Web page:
Thursday, November 7, 2013

REVIEW: "Take Me Now" - by Faith Sullivan

"How do you survive the internship from hell?
Don't fall in love.
Ivy thought being a reporter-in-training at the Independent Gazette would be her dream summer job. Little did she know, interviewing Eric, a landscaper with a heart of gold, would derail her plans. It turns out Ivy's boss, Lauren, has been eying his chiseled physique for quite some time.
But at twenty-four, Eric already has a tragic past, one that he is still reeling from. Even though his ordeal turned him into some sort of local celebrity, it's been a while since he's shared his bed with anyone. When he comes to Ivy's rescue out of the blue, it's not long before the two of them start seeing each other behind Lauren's back. When they get caught, Ivy's journey toward a college degree is jeopardized and her relationship with Eric is severely put to the test.
Career versus love? In the end, a shocking turn of events provides Ivy with a revelation she never saw coming."

"I really hate talking about myself. My goal is to have the shortest author bio imaginable. I would much rather have a conversation with my readers. Are you able to escape within my pages? Does my writing make you feel something? Are there characters that you can't get out of your head? Let me know!" 


When I was a college student leading guided tours around campus for the admissions office, I'd tell "prospies" (i.e. prospective students) that 50% of the learning they'd do would not be in the classroom...a figure I stand by to this day.  Yet what if in trying to meet classroom and graduation requirements, love comes out of nowhere and clobbers you?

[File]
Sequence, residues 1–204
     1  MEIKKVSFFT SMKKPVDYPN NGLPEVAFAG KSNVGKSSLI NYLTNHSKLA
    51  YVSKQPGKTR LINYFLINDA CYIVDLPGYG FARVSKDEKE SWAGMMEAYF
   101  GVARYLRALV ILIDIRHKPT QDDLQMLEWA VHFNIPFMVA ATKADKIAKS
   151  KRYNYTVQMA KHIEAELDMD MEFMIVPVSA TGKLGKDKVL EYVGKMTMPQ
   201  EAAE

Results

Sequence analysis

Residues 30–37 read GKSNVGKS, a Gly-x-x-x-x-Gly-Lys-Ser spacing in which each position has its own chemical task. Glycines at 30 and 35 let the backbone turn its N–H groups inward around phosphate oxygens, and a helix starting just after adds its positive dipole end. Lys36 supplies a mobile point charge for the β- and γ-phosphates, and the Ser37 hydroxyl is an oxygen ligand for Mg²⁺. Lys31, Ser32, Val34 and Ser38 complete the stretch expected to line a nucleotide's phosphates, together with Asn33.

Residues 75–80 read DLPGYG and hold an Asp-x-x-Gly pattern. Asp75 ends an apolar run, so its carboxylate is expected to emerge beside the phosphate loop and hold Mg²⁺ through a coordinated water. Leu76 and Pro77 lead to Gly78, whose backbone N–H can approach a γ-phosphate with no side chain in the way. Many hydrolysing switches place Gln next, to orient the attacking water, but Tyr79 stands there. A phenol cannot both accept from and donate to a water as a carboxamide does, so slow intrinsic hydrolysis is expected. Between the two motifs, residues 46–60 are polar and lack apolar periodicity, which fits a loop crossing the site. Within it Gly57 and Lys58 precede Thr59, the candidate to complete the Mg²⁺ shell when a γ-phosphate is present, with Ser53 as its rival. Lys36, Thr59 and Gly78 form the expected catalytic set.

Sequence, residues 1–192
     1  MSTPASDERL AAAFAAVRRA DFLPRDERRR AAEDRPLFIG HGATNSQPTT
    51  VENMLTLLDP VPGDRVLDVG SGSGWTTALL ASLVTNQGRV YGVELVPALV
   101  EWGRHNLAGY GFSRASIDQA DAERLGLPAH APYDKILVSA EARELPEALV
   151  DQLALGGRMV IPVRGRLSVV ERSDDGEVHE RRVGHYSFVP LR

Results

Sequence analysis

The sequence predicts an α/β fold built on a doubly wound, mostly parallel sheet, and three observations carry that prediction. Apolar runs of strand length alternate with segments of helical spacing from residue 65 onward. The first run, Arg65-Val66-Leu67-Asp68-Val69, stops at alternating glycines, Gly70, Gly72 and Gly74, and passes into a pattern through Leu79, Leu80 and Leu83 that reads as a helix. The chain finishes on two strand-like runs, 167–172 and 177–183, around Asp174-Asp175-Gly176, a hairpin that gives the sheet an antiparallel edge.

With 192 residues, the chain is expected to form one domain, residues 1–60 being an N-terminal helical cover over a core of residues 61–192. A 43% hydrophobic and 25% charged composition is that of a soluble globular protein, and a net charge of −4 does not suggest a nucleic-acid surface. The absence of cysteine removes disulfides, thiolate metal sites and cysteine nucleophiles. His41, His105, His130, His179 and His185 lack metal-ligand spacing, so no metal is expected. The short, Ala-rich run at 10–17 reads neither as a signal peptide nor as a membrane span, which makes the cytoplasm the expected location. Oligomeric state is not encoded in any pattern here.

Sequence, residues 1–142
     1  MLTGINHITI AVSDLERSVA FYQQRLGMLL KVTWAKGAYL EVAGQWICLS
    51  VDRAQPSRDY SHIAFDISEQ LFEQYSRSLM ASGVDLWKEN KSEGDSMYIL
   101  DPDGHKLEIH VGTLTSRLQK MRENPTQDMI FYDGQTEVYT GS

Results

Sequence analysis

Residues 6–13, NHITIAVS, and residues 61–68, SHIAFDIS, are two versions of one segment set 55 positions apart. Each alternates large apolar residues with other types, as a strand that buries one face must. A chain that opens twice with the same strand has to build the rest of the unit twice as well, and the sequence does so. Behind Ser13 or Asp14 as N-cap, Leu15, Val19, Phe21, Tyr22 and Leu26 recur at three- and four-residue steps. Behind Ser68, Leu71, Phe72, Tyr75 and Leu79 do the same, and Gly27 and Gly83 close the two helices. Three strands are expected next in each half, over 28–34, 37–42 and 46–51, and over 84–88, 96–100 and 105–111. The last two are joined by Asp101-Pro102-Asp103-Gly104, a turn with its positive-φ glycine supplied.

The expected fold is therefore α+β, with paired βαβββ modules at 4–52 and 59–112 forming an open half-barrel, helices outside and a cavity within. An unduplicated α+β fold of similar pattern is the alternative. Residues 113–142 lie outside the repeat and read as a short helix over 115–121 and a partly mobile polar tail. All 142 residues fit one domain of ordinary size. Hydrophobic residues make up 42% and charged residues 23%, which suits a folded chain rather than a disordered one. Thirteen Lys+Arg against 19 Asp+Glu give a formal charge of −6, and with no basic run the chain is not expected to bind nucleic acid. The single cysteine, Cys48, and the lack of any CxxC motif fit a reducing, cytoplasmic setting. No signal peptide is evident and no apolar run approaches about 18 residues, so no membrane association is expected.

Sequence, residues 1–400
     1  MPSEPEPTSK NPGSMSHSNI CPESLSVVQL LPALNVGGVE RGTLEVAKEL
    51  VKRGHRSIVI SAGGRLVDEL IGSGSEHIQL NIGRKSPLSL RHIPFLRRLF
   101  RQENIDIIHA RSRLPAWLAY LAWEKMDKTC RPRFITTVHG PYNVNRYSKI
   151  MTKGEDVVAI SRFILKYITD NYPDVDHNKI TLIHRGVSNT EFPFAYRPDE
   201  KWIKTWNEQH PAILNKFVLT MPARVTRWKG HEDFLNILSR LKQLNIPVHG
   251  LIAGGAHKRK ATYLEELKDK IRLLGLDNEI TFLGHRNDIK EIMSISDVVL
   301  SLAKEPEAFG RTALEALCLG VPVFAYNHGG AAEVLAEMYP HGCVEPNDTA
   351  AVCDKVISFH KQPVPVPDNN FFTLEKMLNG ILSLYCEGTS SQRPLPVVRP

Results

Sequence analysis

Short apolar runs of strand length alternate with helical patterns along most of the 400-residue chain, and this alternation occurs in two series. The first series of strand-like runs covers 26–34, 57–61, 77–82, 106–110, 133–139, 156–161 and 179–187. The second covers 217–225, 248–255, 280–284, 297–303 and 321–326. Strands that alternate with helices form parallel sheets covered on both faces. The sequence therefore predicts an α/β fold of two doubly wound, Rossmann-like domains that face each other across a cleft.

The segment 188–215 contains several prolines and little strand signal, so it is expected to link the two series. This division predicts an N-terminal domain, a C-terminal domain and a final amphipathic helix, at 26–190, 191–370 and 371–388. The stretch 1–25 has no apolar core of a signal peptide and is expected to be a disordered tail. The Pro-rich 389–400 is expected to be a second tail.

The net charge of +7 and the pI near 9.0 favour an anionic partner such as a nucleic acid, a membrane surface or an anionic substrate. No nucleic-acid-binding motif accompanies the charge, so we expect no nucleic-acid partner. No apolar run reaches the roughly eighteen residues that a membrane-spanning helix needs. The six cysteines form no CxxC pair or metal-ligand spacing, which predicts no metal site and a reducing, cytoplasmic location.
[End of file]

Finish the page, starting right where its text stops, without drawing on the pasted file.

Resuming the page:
"I'm only gonna read one more chapter....oh, who am I kidding..."  This was my constant thought as I diligently read this marvelous little book.  It's fairly short, easy to comprehend and read, has characters to which very nearly everyone alive can relate (who hasn't had a nightmarish boss, someone to love, and someone love so much in their lives?).  Sullivan puts readers through an emotional roller coaster here, as the characters are so relateable, and so very danged real, that I wanted to crawl through the pages and do some choice smacking at some points and hugging elsewhere.  Readers' hearts break, soar in elation, want to vomit in disgust, and want to wrap everyone up in a massive hug...all in one short book.  

Overall, I rate this book a 4 out of 5.

The Good
Picture yourself as a young college student who thinks she knows the major characters in her life fairly well.  Imagine that you are participating in an internship, when the boss of that internship decides to make your life an absolute living hell simply because the guy upon whom her sights are set seems to be looking your direction.  Now toss in a dramatic movie night, unrequited feelings flying around, requited feelings being realized, anger, love, jealously, hate, emotional baggage, misunderstandings, blatant manipulation, and one heck of a cute dog, and you have Take Me Now.

In this book we find Ivy, a young college student who is simply trying to fulfill some graduation requirements by completing an internship on her way to become a journalist.  Eric is a young man who owns his own business and has a rather painful past (no spoilers here...sorry!).  When Ivy literally unexpectedly falls in his arms, will Eric learn to love this beautiful stranger?  Will Ivy be able to recognize a good thing when she sees it?